Remembering Oliver Sacks

Dr. Oliver Sacks, the former weight lifter who brought zombies to life, told stories of the little things that made special brains tick, wrote medical case histories so interesting they were turned into movies, and uncovered the mysteries behind why a man would mistake his wife for a hat, died on August 30th.sacks

He was a neurologist who worked one on one, in a very personal manner, and probed the meaning of the mental disorders his patients displayed. He thought of himself as an obsessional, so much so that he would not only get to know their brains but also their history, their life, and who they are. Doctors would send their patients to him, and eventually he would send them back with the roots of their problems. He even wrote about his own brain’s quirks; he was unable to recognize faces and he was blind in one eye from a tumor. He had always been a bit of a scatterbrain. In college, after performing horribly on his anatomy exam, he went to a bar and drank. When he came back he asked to take an essay exam that was already well into the time allotted. His essay on brain structure and function won the university prize.

Not only did he discover principles of brain science, he also had a talent for writing, lyrically describing of the behavior of imperfect minds. When he wrote case histories, they were more than facts— they were stories, or as he called them, “neurological novels.” These books include, “The Man who Mistook His Wife For a Hat and Other Clinical Tales,” about a man whose brain cannot decipher what his eyes see, and “Awakenings” which was ultimately turned into a movie starring Robin Williams. It was about survivors of the 1920s encephalitis lethargica epidemic also known as “sleepy sickness.” They could eat, walk, catch, and do most basic movements but were in an unconscious trance. Dr. Sacks gave the patients a new drug, L-DOPA, and within days they were completely cured. But after two weeks, the patients became unresponsive to the drug no matter how high their dosages increased. He was not always so successful. He was a medical researcher but had to give up. He lost samples and broke machines. Eventually they told him, “Sacks, you’re a menace. Get out. Go see patients. They matter less.”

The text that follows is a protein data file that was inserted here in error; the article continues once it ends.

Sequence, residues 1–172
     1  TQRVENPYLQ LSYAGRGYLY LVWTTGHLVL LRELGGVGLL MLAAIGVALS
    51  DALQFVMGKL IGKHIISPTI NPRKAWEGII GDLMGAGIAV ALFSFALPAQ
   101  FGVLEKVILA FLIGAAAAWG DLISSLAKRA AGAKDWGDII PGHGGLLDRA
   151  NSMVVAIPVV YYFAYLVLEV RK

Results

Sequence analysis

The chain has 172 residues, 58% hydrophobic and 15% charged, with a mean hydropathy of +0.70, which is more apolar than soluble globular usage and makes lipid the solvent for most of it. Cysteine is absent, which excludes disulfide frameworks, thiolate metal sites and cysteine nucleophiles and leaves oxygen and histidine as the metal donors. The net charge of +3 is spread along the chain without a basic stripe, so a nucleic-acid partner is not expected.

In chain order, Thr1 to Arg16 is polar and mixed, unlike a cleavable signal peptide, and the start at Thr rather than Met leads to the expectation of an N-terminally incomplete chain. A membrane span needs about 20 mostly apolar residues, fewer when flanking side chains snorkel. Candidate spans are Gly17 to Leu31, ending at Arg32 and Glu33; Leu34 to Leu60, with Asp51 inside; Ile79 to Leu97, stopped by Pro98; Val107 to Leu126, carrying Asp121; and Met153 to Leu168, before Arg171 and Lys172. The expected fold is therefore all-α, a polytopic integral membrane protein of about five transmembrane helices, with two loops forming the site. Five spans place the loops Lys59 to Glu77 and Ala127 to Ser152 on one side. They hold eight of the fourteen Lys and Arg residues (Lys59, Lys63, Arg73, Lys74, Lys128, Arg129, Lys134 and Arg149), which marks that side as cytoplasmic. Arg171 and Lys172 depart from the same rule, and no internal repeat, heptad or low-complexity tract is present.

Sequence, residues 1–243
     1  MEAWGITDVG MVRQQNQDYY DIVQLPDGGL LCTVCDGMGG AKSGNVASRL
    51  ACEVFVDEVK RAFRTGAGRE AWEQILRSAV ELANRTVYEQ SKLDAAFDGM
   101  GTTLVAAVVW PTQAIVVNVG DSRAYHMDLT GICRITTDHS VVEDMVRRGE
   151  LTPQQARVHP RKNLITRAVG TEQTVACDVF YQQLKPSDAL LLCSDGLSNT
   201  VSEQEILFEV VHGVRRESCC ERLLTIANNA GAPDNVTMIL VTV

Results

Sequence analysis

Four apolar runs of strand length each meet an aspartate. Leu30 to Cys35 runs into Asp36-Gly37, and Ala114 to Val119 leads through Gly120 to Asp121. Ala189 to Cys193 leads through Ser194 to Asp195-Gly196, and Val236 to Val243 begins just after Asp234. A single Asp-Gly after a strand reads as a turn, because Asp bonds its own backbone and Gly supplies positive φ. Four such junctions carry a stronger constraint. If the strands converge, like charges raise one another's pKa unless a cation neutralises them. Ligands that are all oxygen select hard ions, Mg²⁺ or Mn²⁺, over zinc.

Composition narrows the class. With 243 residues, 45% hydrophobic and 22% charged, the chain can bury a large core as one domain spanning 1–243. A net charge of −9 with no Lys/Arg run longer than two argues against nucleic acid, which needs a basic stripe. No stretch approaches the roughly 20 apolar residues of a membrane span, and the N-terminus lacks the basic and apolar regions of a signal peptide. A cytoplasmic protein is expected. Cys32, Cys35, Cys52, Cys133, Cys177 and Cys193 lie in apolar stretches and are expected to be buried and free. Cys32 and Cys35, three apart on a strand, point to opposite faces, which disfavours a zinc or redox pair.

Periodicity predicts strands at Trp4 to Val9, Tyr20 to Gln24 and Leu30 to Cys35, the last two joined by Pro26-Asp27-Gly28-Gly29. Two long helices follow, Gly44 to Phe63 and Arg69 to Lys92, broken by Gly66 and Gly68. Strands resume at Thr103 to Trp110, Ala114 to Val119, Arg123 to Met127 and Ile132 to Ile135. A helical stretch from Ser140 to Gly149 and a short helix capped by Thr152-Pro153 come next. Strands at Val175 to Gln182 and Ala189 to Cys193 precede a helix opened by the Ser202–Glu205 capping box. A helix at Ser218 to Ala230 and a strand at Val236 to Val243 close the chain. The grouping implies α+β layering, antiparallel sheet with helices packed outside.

Sacks embraced and appreciated the peculiarities of the human brain. He found it fascinating, “how this wonderful two or three pounds of stuff in the head is able to underlie our imagination, underlie our soul, our individuality.”


–Nick Meyers, Staff Writer

Posted by on September 24, 2015. Filed under World News. You can follow any responses to this entry through the RSS 2.0. You can leave a response or trackback to this entry

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